Avoid Sailing Deck Injuries
Most accidents and injuries whilst sailing on a boat happen on deck where the sailor trips or falls or has some other kind of accident. According to JS Travel Insurance the most common form of injury on board a Sailing trip or a Sailing holiday is on deck. What to look out for on the boat to minimize this risk of Sailing Deck Injuries.
www.classic-sailing.co.uk – Adventure Afloat – Explore Ashore on Tall Ship voyages with Classic Sailing.
Grip Strips on the coaming. Here you want the deck to be as non skid as possible to avoid Sailing Deck Injuries but you don’t want to stick to it which will inhibit mobility. Its important that water does not degrade its grip. Make sure that they are not on varnished surfaces as they reduce in strength . The key is to have them on wood. Great products are Grit Non Skid and 3M Safety-Walk 700. Check this article out at Boating Mag. www.boatingmag.com/how-to/choosing-best-nonskid-surface#page-10
Over a period of time the deck needs renewing as it wears out so check it and if need be get it repainted and add new grip sticks. This will improve your traction and prevent injuries.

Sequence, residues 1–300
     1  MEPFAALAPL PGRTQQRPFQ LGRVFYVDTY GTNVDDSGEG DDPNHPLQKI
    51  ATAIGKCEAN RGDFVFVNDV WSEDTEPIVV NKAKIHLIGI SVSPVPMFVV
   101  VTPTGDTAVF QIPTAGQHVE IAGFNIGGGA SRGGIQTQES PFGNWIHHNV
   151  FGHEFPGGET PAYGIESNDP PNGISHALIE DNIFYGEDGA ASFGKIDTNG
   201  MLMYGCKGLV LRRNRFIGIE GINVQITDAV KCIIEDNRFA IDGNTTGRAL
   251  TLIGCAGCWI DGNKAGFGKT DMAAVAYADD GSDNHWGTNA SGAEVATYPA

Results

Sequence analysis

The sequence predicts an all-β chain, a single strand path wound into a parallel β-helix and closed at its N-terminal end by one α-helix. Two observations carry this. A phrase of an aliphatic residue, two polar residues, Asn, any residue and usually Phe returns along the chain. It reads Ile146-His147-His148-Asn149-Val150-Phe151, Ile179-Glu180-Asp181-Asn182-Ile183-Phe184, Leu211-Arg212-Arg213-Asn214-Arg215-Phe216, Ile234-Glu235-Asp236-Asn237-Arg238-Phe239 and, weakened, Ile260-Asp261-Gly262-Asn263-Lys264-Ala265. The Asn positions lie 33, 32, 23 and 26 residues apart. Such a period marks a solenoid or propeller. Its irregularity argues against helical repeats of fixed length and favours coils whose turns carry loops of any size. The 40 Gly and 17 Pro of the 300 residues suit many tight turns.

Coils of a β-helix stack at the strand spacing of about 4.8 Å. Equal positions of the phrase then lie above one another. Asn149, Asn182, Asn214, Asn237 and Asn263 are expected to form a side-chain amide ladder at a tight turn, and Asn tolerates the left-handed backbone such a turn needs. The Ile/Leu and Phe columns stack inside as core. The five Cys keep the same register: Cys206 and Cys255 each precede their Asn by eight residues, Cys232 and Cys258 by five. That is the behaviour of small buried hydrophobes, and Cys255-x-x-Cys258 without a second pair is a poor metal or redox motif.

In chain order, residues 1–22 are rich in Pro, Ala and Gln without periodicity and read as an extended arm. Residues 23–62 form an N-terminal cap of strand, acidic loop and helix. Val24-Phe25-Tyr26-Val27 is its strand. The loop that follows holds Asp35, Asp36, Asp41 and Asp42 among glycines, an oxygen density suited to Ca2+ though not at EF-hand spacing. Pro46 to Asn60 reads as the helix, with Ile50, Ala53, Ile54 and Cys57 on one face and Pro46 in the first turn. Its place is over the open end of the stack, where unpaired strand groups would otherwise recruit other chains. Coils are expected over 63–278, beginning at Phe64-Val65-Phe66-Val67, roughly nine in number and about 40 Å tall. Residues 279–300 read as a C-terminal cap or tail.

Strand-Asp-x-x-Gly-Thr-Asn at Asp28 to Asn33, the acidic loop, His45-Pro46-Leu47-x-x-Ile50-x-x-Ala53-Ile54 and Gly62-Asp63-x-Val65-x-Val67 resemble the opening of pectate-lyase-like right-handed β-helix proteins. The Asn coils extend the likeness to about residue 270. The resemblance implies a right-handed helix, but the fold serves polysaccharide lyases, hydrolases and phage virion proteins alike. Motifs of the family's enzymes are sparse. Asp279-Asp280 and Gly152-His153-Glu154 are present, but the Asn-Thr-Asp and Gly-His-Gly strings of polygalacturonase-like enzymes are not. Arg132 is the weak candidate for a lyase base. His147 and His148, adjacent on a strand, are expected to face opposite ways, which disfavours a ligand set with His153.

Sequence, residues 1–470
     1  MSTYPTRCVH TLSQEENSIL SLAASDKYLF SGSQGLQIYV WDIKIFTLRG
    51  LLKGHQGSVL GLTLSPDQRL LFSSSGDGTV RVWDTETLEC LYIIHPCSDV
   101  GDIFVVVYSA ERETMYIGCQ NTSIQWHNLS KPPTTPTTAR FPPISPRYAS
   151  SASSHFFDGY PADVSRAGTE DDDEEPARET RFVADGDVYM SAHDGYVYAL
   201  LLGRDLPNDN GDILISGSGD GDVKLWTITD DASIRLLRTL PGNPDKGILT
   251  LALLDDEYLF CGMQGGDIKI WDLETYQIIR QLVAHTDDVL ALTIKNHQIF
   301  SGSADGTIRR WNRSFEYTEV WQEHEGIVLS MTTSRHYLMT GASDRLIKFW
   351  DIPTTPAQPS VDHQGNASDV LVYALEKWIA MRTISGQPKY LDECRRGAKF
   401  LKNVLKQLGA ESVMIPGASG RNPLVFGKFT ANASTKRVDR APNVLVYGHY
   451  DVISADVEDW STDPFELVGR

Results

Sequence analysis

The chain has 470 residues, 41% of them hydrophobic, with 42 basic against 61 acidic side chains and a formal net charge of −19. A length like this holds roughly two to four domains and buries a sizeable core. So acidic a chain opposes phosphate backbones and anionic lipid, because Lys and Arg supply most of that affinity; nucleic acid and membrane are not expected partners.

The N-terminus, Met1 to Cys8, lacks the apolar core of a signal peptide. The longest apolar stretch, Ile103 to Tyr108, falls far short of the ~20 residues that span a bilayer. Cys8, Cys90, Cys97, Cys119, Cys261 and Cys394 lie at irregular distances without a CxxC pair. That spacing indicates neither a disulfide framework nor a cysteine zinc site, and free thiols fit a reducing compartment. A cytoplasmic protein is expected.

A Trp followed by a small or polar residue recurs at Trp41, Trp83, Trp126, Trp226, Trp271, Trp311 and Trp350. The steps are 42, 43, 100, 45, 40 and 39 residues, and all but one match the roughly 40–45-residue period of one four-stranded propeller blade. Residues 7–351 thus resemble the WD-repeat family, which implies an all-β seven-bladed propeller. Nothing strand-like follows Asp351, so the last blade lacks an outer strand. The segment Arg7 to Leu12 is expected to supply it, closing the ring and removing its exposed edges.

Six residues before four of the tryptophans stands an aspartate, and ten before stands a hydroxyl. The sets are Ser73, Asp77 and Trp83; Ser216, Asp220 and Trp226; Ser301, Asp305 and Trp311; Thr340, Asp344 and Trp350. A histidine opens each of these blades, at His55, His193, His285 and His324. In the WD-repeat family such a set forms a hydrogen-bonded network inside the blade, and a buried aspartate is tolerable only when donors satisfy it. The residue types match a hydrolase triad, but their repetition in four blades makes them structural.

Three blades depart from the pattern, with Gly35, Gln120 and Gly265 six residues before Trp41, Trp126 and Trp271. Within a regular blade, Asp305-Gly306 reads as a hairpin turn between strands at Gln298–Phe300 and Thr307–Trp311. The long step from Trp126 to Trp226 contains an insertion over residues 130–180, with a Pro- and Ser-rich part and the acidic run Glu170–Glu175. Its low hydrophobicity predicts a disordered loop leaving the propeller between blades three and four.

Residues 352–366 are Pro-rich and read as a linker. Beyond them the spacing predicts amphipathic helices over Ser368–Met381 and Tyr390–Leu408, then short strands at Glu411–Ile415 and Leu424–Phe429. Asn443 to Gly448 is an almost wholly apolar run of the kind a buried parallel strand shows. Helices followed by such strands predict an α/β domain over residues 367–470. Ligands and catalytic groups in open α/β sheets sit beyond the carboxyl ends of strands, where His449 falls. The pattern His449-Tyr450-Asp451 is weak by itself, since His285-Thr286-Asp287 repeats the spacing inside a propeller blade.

Important that the non skid patterns on a deck (from the usual slatted teak, raised dimples, square or diamonds are designed best for the correct Sailing Footwear).
Often missed this is so important. Developments now are such that there are specialist shoes for Sailing. The main requirements here are:
- Grippy on wet decks
- Dries fast
- Adidas Outdoor Climacool Boat Lace Water Shoe
- Sperry Top-Spider Men’S ASV Shock Light Bungee Boat Shoe
- Sperry Sea kite Sport Boat Shoe
Within our Travel Insurance policy for Sailing there is cover for your shoes under the Personal Baggage cover.
Important that handholds are not low down. Before you set sail, go around the boat and check out where all the handholds and footholds are. Familiarize yourself as much as possible. If you are going on a sailing holiday and its not your boat then you need to get to know it as quickly as possible. Over dorade vents there are steel cages that make teh fittings safer, these can be used as handholds
Toerails are important, they can be Aluminium, Wooden rails or Raised Bulwarks
Familairize yourself with where they are
Ensure the boat has jacklines strap firmly secured to the boat.
Safety equipment is regulated by ISO 12401 which says the Tether should be no longer than 2 metres ( thats 6 feet )
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